Station:  Bell Tower
From this wooden belfry, the bells of Heiligengrabe ring in the day; summon the canonesses to the chapel for midday prayers and ring out the day in the evening.
Cistercian churches don’t usually have a tower – and that also holds true in Heiligengrabe. But after a major fire in 1719, that rule was more honoured in the breach. A tower with a baroque hood was mounted on the roof of the collegiate church, where it could be seen from afar. An inventory of the church, prepared in 1810, lists five bells. A sixth was added a decade later.
But in 1912 the hood had to be demolished—the church tower had become derelict, and the roof truss had rotted. The bells were taken down and re-hung in the wooden belfry, but they didn’t stay there for long.
Just six years later, as the First World War was coming to an end, the abbey delivered up its two largest bells to be melted down: 437 kilograms of bronze, melted down to bolster the war effort.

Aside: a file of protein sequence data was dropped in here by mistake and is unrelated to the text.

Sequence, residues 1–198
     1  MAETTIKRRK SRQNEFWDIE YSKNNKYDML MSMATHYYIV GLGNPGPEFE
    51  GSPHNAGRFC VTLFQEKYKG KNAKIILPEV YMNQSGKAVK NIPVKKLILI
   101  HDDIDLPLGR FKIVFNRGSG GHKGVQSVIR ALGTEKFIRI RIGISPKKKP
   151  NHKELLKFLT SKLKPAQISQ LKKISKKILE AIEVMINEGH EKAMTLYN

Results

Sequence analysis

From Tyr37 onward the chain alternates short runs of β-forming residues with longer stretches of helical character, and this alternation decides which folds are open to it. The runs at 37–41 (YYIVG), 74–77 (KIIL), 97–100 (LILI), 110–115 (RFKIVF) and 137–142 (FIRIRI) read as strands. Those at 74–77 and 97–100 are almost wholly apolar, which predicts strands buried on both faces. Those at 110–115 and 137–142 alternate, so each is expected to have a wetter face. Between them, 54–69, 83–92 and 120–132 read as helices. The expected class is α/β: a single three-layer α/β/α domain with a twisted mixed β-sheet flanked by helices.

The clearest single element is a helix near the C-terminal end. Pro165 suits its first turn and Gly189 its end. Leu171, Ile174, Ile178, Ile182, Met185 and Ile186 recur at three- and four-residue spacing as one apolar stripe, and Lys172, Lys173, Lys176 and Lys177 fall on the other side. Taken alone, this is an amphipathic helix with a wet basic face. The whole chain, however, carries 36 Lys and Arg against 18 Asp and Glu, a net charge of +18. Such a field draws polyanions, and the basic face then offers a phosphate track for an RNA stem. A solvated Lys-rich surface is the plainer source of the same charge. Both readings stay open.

Twenty years went by before the bells were replaced. In 1937, to celebrate the 650th anniversary of the founding of Heiligengrabe Abbey, a large A note bell and a somewhat smaller C note bell were solemnly consecrated. But again, they weren’t in place for long. In 1943 they, too, were melted down for the war effort.
Until 1975, the foundation had to make do with a small makeshift bell. Then two new bells were cast, part-funded by donations from members of Heiligengrabe parish. They still welcome visitors to the foundation’s grounds today.
Depiction 1 © Dietmar Rabich
Depiction 2 © Klosterstift zum Heiligengrabe
Depiction 3 © Klosterstift zum Heiligengrabe